Summer is filled with fresh vegetables and fruits. Be venturesome and use herbs to try some different flavors! Not only will the kitchen smell good, but it will give a different taste to your food. Try adding:
- dill or thyme to fresh green beans
- oregano or marjoram to broccoli
- garlic, onion, pepper and basil to fresh broccoli cooked in a little olive oil
- basil or rosemary to carrots
Not only do herbs provide flavor, they contain lots of nutrients. Herbs contain a form of phytonutrients called polyphenols, which may have anti-cancer properties, anti-inflammatory properties, and other health benefits. Although you may only use a small amount of an herb in your dish, you are increasing your intake of polyphenols and phytonutrients.
The flavor of fresh herbs diminishes quickly. Fresh herbs will generally last less than a week. For most fresh herbs, wrap them in a paper towel and place in an open plastic bag in the refrigerator. Herbs like parsley and dill can be stored upright with the stems in a glass jar of water covered by a loose plastic bag. You need to change the water every day. For long-term storage, follow food preservation methods for drying or freezing herbs.
Determining if your dried herbs are still flavorful usually can be done by rubbing them between your fingers and smelling. If they lack aroma then it is time to replace them. When you buy dried herbs, write the date on the container. Store them in tightly closed containers away from heat, light and moisture. A general rule of thumb (from June 2017 edition of the Tufts University Health & Nutrition Letter) is:
- Herbs (such as thyme): Keep 1-3 years
- Seasoning blends (such as Italian seasoning): Keep 1-2 years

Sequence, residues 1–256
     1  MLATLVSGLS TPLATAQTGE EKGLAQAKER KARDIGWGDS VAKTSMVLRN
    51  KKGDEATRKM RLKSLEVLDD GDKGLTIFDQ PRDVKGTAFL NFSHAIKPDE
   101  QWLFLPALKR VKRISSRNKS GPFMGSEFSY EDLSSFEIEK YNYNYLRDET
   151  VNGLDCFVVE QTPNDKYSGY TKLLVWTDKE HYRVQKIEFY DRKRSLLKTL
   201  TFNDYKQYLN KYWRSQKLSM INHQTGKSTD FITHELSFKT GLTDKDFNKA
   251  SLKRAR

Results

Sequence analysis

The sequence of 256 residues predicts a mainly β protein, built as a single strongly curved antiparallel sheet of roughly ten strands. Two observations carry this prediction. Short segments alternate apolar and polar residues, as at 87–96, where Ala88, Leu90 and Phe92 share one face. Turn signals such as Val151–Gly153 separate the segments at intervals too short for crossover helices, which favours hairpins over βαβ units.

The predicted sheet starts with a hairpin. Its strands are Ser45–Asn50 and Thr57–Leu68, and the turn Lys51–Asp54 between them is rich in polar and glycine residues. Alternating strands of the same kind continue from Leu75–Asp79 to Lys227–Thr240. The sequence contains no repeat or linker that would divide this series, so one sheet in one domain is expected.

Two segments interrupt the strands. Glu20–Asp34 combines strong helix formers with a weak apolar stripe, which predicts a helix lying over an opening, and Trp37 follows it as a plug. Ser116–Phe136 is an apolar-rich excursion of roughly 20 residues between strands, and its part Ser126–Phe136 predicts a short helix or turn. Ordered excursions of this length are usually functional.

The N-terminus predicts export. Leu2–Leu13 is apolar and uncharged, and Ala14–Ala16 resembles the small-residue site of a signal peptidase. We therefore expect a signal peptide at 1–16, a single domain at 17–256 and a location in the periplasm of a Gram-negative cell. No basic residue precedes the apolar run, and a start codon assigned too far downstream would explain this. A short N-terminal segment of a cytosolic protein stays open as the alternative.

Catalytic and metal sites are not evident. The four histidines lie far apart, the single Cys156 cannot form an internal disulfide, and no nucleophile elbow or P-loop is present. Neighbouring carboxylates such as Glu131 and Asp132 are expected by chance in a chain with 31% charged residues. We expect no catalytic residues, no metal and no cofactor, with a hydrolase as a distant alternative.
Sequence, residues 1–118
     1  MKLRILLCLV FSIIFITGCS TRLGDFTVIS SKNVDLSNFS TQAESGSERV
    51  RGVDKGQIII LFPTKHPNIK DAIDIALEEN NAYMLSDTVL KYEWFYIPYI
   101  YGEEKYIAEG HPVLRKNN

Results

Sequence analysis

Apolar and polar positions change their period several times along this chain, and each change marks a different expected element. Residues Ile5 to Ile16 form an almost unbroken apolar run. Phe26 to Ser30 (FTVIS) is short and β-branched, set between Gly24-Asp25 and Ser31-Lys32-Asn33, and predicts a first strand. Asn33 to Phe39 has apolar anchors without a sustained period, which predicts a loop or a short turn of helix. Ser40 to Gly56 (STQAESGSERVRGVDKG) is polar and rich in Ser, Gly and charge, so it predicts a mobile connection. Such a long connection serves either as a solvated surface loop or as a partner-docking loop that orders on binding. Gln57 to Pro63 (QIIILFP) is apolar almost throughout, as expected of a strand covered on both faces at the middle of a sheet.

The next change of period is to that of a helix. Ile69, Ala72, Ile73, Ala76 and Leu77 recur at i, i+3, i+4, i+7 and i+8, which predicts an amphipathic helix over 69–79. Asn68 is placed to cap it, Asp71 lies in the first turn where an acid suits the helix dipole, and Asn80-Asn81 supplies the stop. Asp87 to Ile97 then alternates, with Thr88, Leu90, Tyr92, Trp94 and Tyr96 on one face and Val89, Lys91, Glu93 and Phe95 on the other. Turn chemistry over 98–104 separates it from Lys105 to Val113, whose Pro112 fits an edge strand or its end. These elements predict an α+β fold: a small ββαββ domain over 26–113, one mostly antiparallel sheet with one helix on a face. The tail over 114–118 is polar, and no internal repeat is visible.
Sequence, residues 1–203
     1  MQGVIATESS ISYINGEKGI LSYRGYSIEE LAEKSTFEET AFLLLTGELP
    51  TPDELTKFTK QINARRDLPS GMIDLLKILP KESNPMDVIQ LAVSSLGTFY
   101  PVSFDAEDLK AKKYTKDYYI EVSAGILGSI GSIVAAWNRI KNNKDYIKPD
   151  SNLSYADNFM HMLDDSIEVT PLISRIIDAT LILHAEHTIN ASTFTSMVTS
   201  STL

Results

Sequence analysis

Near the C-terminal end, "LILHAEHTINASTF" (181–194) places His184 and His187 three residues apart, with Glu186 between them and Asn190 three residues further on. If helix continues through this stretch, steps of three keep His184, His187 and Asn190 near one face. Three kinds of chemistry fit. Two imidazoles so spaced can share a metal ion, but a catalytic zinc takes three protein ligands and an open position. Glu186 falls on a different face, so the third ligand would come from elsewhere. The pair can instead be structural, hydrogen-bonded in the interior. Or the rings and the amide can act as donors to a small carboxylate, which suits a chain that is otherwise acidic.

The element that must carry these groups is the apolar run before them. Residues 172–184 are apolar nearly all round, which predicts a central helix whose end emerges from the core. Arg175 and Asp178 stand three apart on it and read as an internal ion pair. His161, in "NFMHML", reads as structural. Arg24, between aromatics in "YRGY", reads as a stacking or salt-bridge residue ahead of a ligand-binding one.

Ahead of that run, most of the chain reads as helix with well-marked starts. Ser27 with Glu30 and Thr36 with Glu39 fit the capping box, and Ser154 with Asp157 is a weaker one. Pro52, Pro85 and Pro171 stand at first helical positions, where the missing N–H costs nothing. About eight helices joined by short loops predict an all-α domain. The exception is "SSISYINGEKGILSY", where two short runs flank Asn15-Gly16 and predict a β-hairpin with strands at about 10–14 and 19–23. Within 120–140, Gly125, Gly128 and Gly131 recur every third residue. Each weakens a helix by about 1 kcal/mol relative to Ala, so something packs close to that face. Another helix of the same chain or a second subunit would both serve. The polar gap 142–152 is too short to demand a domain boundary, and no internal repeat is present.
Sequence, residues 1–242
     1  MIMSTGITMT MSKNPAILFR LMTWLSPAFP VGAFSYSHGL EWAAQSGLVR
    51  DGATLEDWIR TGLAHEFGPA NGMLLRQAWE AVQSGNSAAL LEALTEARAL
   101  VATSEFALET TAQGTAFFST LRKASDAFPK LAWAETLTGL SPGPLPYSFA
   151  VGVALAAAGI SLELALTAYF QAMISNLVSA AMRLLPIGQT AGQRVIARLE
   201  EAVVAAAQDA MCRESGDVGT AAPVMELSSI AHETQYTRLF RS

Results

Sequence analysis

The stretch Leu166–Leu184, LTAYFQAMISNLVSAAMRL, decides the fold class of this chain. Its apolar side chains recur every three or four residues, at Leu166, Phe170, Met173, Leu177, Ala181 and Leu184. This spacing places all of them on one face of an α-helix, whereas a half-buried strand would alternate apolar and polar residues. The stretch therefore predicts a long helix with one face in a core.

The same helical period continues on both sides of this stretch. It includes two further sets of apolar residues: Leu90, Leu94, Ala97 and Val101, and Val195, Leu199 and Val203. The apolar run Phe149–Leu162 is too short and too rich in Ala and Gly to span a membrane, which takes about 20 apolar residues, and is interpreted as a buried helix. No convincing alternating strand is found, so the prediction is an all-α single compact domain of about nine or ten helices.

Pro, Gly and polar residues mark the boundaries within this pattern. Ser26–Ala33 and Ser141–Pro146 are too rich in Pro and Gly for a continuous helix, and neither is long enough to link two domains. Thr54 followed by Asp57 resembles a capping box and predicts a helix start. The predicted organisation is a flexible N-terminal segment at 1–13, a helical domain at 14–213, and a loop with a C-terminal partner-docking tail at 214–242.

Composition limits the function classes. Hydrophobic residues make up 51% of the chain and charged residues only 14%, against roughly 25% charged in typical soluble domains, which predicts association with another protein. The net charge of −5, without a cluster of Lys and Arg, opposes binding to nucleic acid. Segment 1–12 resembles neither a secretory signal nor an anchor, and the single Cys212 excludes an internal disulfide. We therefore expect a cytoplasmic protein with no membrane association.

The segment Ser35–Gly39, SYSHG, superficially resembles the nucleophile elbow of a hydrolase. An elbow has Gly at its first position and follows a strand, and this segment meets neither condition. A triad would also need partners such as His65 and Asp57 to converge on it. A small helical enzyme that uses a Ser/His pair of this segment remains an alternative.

When do you add fresh or dried herbs when cooking food? You can add sturdy herbs like thyme, rosemary and oregano at the beginning of cooking. However, wait until the end of cooking to add delicate herbs like parsley, dill, basil and cilantro. If substituting fresh herbs for dried or ground herbs, remember that dried herbs are about three times stronger than fresh herbs. For example, 1 Tablespoon of fresh cut herbs is equivalent to ¼ – ½ teaspoon ground dried herbs.
- Treat yourself and try some oregano on summer squash or add some basil. Basil is delicious on pizza!
- Add some fresh chives to salads.
- Flavor fruits using herbs. Try adding fresh basil to peaches, mint to strawberries or fruit salad, and rosemary to lemon-flavored baked goods.
Experiment a little and enjoy flavorful dishes!
Author: Pat Brinkman, Family and Consumer Sciences Educator, Ohio State University Extension
Reviewer: Jenny Lobb, Family and Consumer Sciences Educator, Ohio State University Extension
Fifner, J. (2016). Preserving Herbs: Freezing and Drying, Ohio State University Extension. Available at https://ohioline.osu.edu/factsheet/hyg-5360
Gerald J. and Dorothy R. Friedman School of Nutrition Science and Policy, Tufts University. (June, 2017). Maximizing Flavor with Herbs and Spices, Health & Nutrition Letter. Available with subscription at http://www.nutritionletter.tufts.edu/issues/13_6/special-reports/Maximizing-Flavor-with-Herbs-and-Spices_2166-1.html
Remley, D., Goard, L. and Ralston, R. (2015). Farm to Health: Maximizing Nutrients and Phytonutrients in Ohio Produce, Ohio State University Extension. Available at https://ohioline.osu.edu/factsheet/HYG-5581
Shertzer, J.K. (2010). Selecting, Storing, and Using Fresh Herbs, Ohio State University Extension. Available at https://ohioline.osu.edu/factsheet/HYG-5520